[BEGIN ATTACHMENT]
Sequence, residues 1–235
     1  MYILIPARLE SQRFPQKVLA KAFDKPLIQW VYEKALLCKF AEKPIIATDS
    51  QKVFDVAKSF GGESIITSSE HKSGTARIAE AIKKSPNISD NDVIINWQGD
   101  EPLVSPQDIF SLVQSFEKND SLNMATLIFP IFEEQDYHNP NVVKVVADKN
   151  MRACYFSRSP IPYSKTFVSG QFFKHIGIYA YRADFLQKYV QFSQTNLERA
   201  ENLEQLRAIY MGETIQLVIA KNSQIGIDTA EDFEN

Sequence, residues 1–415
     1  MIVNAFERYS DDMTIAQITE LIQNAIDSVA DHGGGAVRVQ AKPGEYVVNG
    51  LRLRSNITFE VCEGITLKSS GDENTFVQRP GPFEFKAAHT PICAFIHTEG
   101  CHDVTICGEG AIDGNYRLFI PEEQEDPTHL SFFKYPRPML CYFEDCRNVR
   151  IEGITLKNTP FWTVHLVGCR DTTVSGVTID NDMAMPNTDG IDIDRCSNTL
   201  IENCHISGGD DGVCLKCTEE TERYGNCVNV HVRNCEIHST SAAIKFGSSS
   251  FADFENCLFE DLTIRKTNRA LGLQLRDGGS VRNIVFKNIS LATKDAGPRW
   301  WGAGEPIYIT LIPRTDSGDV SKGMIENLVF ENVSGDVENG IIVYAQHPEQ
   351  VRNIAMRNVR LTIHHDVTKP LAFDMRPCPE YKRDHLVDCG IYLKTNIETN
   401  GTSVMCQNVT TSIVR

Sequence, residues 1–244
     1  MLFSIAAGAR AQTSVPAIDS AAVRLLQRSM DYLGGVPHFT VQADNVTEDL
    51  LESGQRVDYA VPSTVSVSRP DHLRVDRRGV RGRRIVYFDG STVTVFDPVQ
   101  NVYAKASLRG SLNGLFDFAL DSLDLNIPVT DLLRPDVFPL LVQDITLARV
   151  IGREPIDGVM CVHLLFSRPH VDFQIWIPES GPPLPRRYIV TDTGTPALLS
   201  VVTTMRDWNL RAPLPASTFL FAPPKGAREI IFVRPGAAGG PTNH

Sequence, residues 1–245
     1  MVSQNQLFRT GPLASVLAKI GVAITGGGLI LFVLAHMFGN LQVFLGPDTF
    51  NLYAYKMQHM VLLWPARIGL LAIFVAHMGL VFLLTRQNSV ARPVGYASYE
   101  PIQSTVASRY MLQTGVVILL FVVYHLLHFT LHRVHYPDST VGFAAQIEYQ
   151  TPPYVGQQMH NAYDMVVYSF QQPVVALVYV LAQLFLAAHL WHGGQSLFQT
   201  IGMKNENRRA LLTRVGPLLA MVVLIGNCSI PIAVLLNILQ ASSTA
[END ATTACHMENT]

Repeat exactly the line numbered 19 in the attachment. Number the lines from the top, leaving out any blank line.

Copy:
    51  LESGQRVDYA VPSTVSVSRP DHLRVDRRGV RGRRIVYFDG STVTVFDPVQ